pythonperformanceequalityperfplot

Custom equality_check function for perfplot


I'm working with the perfplot library to compare the performance of three functions f1, f2 and f3. The functions are supposed to return the same values, so I want to do equality checks. However, all other examples of perfplot I can find on the internet use pd.DataFrame.equals or np.allclose as an equality checker but these don't work for my specific case.

For example, np.allclose wouldn't work if the functions return a list of numpy arrays of different lengths.

import perfplot
import numpy as np

def f1(rng):
    return [np.array(range(i)) for i in rng]

def f2(rng):
    return [np.array(list(rng)[:i]) for i in range(len(rng))]

def f3(rng):
    return [np.array([*range(i)]) for i in rng]


perfplot.show(
    kernels=[f1, f2, f3],
    n_range=[10**k for k in range(4)],
    setup=lambda n: range(n),
    equality_check=np.allclose   # <-- doesn't work; neither does pd.DataFrame.equals
)

How do I pass a function that is different from the aforementioned functions?


Solution

  • If we inspect the source code, the way the equality check works is that it takes the output of the first function passed to kernels as reference and compares it to the output of the subsequent functions passed to kernels in a loop.

    For some reason, the equality check is different depending on if the first function in kernels returns a tuple or not.

    If the first function in kernels doesn't returns a tuple, it simply calls the function passed to equality_check argument to perform the check. The equality check function takes two arguments and can do whatever. For example, it can only check if the lengths are equal and call it a day (i.e. pass the following lambda to equality_check: lambda x,y: len(x) == len(y)).

    For the example in the question, a function that loops over pairs of elements and checks for inequality works.

    def equality_check(x, y):
        for i, j in zip(x, y):
            if not np.allclose(i, j):
                return False
        return True
    
    perfplot.show(
        kernels=[f1, f2, f3],
        n_range=[10**k for k in range(4)],
        setup=lambda n: range(n),
        equality_check=equality_check
    )
    

    In fact, all() also works.

    perfplot.show(
        kernels=[f1, f2, f3],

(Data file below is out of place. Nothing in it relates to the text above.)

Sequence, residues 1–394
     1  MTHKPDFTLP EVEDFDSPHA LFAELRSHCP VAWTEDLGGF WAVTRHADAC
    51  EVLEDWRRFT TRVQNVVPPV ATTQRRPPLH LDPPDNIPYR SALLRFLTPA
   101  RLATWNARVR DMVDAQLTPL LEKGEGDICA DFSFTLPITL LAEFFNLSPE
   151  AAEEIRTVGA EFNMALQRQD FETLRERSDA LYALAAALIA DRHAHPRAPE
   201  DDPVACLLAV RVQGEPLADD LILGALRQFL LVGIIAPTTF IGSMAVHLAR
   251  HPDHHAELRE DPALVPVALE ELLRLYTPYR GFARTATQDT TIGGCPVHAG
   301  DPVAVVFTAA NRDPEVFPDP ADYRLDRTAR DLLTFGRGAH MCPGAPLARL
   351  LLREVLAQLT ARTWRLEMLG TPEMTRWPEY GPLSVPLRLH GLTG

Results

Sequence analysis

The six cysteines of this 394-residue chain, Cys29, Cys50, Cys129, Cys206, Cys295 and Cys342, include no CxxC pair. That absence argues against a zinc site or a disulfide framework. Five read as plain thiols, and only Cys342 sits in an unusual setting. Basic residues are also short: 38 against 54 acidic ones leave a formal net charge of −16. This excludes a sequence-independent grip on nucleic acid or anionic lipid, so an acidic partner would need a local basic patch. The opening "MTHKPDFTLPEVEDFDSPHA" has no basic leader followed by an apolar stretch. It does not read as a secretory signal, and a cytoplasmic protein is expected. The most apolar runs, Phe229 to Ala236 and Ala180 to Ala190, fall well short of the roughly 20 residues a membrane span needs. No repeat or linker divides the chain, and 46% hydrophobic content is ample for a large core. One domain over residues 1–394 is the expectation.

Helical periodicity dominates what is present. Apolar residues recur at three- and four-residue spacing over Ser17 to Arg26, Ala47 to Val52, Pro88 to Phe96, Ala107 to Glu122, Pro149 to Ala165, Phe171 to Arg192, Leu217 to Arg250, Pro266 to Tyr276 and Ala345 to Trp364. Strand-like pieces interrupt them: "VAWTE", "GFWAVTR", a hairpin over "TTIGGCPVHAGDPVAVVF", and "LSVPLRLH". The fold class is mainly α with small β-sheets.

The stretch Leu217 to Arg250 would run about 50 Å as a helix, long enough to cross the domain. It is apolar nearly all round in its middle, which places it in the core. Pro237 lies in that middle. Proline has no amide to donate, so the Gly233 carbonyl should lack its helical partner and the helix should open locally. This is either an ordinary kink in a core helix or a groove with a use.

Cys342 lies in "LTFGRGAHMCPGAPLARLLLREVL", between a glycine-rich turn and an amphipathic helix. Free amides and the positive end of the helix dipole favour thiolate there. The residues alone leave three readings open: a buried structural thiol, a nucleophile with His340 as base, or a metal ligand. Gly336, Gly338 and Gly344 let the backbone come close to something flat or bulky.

n_range=[10**k for k in range(4)],
        setup=lambda n: range(1, n+1),
        equality_check=lambda x,y: all([x,y])
    )
    

    The following code copied from the source code is the snippet that implements the equality check:

    for k, kernel in enumerate(self.kernels):
    
        val = kernel(*data)
    
        if self.equality_check:
            if k == 0:
                reference = val
            else:
                try:
                    if isinstance(reference, tuple):
                        assert isinstance(val, tuple)
                        assert len(reference) == len(val)
                        is_equal = True
                        for r, v in zip(reference, val):
                            if not self.equality_check(r, v):
                                is_equal = False
                                break
                    else:
                        is_equal = self.equality_check(reference, val)
                except TypeError:
                    raise PerfplotError(
                        "Error in equality_check. "
                        + "Try setting equality_check=None."
                    )
                else:
                    if not is_equal:
                        raise PerfplotError(
                            "Equality check failure.\n"
                            + f"{self.labels[0]}:\n"
                            + f"{reference}:\n\n"
                            + f"{self.labels[k]}:\n"
                            + f"{val}:\n"
                        )